Sarah Sze was born in Boston, Massachusetts in 1969. Sze builds her installations and intricate sculptures from the minutiae of everyday life, imbuing mundane materials, marks, and processes with surprising significance. Combining domestic detritus and office supplies into fantastical miniatures, she builds her works, fractal-like, on an architectural scale.
Often incorporating electric lights and fans, water systems, and houseplants, Sze’s installations balance whimsy with ecological themes of interconnectivity and sustainability. Whether adapting to a venue or altering the urban fabric, Sze’s patchwork compositions seem to mirror the improvisational quality of cities, labor, and everyday life. On the edge between life and art, her work is alive with a mutable quality—as if anything could happen, or not.
Sarah Sze received a BA from Yale University (1991) and an MFA from the School of Visual Arts (1997). She has received many awards, including a Radcliffe Institute Fellowship (2005); John D. and Catherine T. MacArthur Foundation Fellowship (2003); Louis Comfort Tiffany Award (1999); and the Rema Hort Mann Foundation Award (1997).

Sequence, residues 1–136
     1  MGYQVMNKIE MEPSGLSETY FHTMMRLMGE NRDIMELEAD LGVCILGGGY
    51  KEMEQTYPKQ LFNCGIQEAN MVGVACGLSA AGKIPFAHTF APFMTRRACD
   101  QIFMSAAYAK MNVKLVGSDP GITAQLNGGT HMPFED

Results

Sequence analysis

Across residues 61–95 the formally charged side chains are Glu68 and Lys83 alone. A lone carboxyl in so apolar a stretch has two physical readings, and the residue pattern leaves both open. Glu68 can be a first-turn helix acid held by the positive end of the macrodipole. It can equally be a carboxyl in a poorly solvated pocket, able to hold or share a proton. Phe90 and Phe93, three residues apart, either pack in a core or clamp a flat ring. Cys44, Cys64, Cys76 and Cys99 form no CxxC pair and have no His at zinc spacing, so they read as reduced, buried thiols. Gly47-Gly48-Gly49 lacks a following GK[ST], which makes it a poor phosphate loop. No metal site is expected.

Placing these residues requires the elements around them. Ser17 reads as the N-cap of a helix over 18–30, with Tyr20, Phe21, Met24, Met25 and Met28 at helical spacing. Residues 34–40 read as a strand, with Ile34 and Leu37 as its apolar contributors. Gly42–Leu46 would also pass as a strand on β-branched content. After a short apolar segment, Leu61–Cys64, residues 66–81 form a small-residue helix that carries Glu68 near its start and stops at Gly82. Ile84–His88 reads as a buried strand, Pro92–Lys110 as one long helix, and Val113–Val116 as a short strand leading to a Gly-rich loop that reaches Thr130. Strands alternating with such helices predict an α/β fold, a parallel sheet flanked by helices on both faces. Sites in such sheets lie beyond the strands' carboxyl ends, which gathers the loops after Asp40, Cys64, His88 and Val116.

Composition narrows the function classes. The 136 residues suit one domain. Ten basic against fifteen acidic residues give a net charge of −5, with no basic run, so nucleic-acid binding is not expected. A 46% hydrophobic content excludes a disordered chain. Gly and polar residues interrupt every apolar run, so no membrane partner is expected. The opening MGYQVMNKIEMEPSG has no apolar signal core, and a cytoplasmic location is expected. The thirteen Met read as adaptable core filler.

Major exhibitions of her work have appeared at the Asia Society Museum, New York (2011); 10th Biennale de Lyon (2010); BALTIC Centre for Contemporary Art (2009); Malmö Konsthall (2006); Whitney Museum of Amerian Art (2003); Walker Art Center (2002); São Paulo Bienal (2002); Museum of Contemporary Art, Chicago (1999), and Foundation Cartier pour l’art contemporain, Paris (1999), the Carnegie International (1999), and the 48th Venice Biennale (1999). Sarah Sze lives and works in New York City.
2013 VENICE BIENNALE
Her works manipulate the space, be it a gallery, domestic interior or public space. In 2013, she represented the United States of America at the 55th International Art Exhibition — La Biennale di Venezia in Venice, Italy. Her exhibition Triple Point featured installations inside and outside the Pavilion building. Much of Sarah Sze’s solo show evolved on-site over a three-month installation period. For Triple Point, the artist used elements from the urban landscape of Venice such as photographs of stone, leaves from the Giardini, tickets from the Vaporetto.
In many ways, the work of Sarah Sze is, to the LRFA blog, an important predecessor of the new NFT cryptoart that is commanding so much attention.